One of Sunderland's most popular family businessmen been laid to rest after battling a long illness.
Trevor Minchella's ice cream brought a smile to thousands of faces, with his Seaburn premises becoming a must-visit destination for visitors to Sunderland's seafront.
The devoted husband and dad-of-four joined the family business straight from leaving St Aidan’s school in 1969, and took over running the firm after his father Louis retired.
As well as being well-known for running the Dykelands Road ice cream parlour, Trevor also served as voluntary secretary on the committee for Seaburn Seafront Traders’ Association, working to improve the area.
Trevor passed away on July 26 aged 65, surrounded by family at their home in Cleadon - a day after watching daughter Claudia graduate from University of the Arts London.
He also behind three other children, Michael, Paolo, and Mario, and wife Sandra, as well as an extended family of much-loved relations.
Michael said: “My dad was probably the most loving and caring man I have ever known.
“Even though we knew it was coming, we really feel there is something missing now he is gone.
“It was my birthday two days later and when I cut the cake and there was one slice left, I started crying.
Younger brother Mario added: “I don’t think you could have asked for a better father. He supported us in everything we did, and never tried to force us to do anything.
“This is the most difficult thing we have ever had to go through.”
The devoted Sunderland fan worked round the clock to make his family business a success, but also enjoyed a packed life outside of work.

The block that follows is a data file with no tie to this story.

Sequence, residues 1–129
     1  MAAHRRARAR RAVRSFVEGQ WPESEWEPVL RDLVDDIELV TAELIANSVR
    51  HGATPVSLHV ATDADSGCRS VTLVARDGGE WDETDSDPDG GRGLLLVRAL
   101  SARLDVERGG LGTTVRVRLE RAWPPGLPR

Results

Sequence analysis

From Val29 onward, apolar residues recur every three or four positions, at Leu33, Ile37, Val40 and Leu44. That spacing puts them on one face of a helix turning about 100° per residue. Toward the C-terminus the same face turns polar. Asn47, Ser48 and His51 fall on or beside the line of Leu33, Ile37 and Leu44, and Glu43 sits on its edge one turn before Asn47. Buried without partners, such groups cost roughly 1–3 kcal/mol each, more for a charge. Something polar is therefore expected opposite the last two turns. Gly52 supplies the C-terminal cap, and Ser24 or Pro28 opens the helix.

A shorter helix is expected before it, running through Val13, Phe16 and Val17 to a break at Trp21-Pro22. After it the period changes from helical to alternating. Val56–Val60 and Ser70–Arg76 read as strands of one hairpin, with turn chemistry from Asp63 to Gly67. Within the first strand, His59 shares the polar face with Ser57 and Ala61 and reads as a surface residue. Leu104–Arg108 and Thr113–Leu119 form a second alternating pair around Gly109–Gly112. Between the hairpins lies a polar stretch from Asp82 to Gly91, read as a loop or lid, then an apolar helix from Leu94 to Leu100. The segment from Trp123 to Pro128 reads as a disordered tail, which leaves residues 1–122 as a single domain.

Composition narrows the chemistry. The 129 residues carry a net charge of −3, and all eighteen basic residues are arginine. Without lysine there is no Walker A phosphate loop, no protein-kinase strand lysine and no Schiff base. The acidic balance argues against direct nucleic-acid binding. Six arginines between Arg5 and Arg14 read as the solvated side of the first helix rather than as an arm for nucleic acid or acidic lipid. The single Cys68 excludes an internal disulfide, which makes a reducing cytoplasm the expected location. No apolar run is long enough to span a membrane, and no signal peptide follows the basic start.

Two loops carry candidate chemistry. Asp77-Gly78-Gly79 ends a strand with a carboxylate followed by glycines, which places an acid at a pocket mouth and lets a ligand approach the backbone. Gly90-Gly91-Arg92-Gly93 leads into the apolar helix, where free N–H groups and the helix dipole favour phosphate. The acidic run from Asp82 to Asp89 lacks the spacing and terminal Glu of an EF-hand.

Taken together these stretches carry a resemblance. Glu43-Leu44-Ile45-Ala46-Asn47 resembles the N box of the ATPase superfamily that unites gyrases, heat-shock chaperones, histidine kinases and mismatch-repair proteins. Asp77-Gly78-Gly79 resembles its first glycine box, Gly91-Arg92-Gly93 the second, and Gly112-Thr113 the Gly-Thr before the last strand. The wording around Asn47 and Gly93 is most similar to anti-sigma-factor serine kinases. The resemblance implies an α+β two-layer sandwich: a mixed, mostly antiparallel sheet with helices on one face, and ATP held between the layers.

The SAFC season-ticket holder never missed one of his children’s rugby or football matches growing up, was a big fan of Bob Dylan and Luciano Pavarotti, and led the family on annual trips to villages around Monte Cassino to celebrate their heritage.
Son Paolo will now assume the running of the fish and chip shop and ice cream parlour, which has employed generations of the same families over the years.
He said: “He saw the customers as his friends, and he treated the staff as his family.
“Not once did he complain about why this was happening to him. Up until the day he died, I asked him how he felt and he said he felt good - that’s the type of person he was.
“People used to come to the cafe just to speak to Trevor. He would do anything to help anyone.”
Sandra added: “My Trevor taught everyone to have a really good work ethic, and to be kind and generous to others.
“He loved everything about work, meeting customers and doing anything he could to help.
“He is going to be hard to replace, he must have had ice cream running through his veins.”
Trevor's requiem mass took place this morning at 10am at St. Benet's Catholic Church in Monkwearmouth.
The family asked for donations in lieu of flowers to the Neuro Oncology Fund at Newcastle Hospitals.